To Boost Liquidity, RBI Increases Priority Sector Lending Limit for Renewable Energy

The Reserve Bank of India (RBI) has introduced several policy measures to enhance liquidity support for the financial market and other stakeholders to ease the financial stress caused by the COVID-19 pandemic.

The bank has increased the limit for lending to renewable energy, including solar power and compressed biogas projects. To widen the scope of priority sector lending, the apex bank has included startups under its purview.

Under the previous priority sector lending, a limit of ₹150 million (~$2.01 million) was set for large-scale renewable projects like solar and wind, biomass and mini hydel projects, and non-conventional energy-based public utilities like street lighting and remote village. For the residential rooftop segment, the loan limit earlier was ₹1 million (~$13,363) per borrower.

When asked about the new lending cap for renewables, an official from RBI said, “The details of the revised lending cap for renewables along with the detailed guidelines on priority sector lending will be released shortly.”


To reduce the difficulties endured by smaller non-banking financial companies (NBFCs) in obtaining access to liquidity, it has decided to provide an additional special liquidity facility (ASLF) of ₹50 billion (~$668.16 million) to the National Bank for Agriculture and Rural Development (NABARD). The liquidity facility will be provided for one year at the RBI’s repo rate for refinancing NBFCs and other smaller NBFCs of asset size of up to ₹5 billion (~$66.8 million) to support agriculture and the rural non-farm sector.

Over the past few months, the regulatory focus has been to frame appropriate policy responses to mitigate the immediate impact of COVID-19 on the financial institutions and their constituents.

The economic fallout on account of the pandemic has led to significant financial stress for several borrowers across the board. The stress has impacted the long-term viability of firms that otherwise had a good track record under the existing promoters, as their debt burden became disproportionate.

According to the bank, a restructuring framework is already in place for the (micro, small and medium enterprises) whose accounts were in default but ‘standard’ as on January 01, 2020, subject to the restructuring being implemented up to December 31, 2020.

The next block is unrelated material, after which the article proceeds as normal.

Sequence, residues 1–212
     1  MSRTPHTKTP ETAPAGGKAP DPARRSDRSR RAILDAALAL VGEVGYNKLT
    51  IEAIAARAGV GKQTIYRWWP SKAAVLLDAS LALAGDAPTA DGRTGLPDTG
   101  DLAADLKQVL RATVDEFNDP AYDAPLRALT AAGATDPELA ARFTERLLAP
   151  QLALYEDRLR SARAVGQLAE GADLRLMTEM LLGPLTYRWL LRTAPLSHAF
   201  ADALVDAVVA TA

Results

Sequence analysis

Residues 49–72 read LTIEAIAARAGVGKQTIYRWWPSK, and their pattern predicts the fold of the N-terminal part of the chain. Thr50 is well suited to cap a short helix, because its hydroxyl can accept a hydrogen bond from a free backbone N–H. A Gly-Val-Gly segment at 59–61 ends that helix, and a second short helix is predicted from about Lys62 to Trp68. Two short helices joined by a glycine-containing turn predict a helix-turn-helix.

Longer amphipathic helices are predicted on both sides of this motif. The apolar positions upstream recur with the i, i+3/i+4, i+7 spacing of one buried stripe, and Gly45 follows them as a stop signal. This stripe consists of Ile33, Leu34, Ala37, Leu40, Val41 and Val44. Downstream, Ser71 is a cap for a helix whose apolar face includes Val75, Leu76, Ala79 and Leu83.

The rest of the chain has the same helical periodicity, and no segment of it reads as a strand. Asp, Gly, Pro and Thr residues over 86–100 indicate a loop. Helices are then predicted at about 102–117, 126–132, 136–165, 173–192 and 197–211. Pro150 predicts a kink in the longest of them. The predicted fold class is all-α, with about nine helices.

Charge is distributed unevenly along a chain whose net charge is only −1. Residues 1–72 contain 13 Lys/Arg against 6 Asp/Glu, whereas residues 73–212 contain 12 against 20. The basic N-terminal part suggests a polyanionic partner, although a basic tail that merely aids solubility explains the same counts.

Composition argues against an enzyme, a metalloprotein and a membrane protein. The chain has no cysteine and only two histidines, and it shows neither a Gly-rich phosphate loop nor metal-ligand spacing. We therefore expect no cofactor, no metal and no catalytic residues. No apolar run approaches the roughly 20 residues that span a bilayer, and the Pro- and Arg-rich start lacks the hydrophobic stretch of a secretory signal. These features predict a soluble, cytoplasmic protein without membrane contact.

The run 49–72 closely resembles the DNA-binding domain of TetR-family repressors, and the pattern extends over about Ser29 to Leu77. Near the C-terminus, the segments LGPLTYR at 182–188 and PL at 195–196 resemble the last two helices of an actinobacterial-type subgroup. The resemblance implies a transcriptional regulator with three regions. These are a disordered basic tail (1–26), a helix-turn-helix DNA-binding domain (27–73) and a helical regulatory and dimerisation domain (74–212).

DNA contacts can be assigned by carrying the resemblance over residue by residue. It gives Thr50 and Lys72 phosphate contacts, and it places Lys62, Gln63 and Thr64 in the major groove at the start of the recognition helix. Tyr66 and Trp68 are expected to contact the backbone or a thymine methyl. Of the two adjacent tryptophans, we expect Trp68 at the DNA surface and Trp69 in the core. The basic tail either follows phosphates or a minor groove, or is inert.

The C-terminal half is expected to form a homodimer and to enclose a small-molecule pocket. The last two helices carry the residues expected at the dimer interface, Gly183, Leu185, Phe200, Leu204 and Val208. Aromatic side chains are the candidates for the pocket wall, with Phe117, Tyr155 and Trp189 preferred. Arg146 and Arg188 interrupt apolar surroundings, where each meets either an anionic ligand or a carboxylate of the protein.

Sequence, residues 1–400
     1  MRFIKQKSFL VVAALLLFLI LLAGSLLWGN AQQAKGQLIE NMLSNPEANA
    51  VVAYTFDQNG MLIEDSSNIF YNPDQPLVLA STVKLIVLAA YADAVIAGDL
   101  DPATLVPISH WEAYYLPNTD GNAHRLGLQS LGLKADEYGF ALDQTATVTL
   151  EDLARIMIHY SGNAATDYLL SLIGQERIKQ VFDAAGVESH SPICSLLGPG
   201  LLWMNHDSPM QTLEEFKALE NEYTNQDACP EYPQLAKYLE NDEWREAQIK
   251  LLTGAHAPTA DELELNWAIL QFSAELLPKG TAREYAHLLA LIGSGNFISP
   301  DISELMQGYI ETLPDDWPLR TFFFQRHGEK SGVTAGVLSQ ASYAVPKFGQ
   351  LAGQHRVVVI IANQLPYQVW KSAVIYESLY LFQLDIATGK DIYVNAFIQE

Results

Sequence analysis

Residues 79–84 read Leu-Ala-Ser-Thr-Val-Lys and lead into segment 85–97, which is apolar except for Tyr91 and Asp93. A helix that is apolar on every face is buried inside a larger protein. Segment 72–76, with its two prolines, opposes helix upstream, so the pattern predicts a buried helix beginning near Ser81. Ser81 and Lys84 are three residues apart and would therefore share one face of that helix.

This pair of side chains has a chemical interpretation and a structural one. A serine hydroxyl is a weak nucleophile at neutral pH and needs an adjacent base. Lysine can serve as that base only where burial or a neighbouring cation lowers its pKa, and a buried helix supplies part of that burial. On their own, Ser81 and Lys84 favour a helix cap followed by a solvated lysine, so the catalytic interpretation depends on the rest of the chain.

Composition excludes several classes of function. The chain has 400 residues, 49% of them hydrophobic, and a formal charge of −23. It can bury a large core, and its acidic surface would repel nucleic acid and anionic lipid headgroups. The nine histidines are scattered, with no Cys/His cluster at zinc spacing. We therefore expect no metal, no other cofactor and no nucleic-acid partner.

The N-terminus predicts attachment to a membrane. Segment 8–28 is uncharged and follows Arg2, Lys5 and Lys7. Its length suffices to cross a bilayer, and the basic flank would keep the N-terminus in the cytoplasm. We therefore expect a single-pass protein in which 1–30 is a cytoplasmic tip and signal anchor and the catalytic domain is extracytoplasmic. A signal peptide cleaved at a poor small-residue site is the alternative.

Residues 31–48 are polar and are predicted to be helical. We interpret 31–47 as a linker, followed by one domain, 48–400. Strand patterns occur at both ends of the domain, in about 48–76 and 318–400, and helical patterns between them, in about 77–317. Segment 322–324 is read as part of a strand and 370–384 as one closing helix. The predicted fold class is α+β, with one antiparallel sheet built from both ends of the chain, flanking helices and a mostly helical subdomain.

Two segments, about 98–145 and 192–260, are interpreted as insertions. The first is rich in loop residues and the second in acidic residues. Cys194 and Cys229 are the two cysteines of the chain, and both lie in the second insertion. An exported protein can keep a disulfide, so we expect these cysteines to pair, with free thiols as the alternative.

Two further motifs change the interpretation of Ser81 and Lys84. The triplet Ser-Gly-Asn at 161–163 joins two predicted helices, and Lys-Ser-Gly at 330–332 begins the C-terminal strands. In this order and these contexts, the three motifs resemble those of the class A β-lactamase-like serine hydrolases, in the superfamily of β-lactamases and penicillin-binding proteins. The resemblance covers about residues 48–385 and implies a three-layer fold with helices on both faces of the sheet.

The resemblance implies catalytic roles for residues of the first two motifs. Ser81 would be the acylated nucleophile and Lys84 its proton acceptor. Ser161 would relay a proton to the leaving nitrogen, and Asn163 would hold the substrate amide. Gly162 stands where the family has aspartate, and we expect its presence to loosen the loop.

Recognizing the need for continued support to MSMEs, the bank has decided that in the case of MSME borrowers facing stress on account of the economic fallout of the pandemic, lending institutions can restructure the debt under the existing framework. This restructuring will be implemented by March 31, 2021.

In June last year, the Union Power Minister R.K. Singh had in a meeting advised the Ministry of New and Renewable Energy (MNRE) to follow up with the RBI for the removal of the priority sector lending limit for the renewable energy sector. A move expected to encourage the private sector banks to lend more to renewable energy projects and help developers with much-needed finance.

In the meeting, Singh also asked the banks and financial institutes to categorize renewable energy as a separate sector, different from the power sector, so that funds can easily flow to renewable energy projects.

In May this year, RBI announced the third round of monetary measures to boost the economy amid the lockdown caused by the coronavirus pandemic. The central bank had announced a reduction in the policy repo rate under the liquidity adjustment facility by 40 basis points to 4% from 4.40%. The marginal standing facility rate and the bank rate were reduced to 4.25% from 4.65%. These rates were kept status quo in the second round of monetary measures announced by RBI in April.

The Coronavirus pandemic is proving to be the solar industry’s biggest challenge this year, and the repercussions are being felt across industries all over the globe. Read Mercom’s in-depth report on the pandemic’s impact on India’s solar industry here.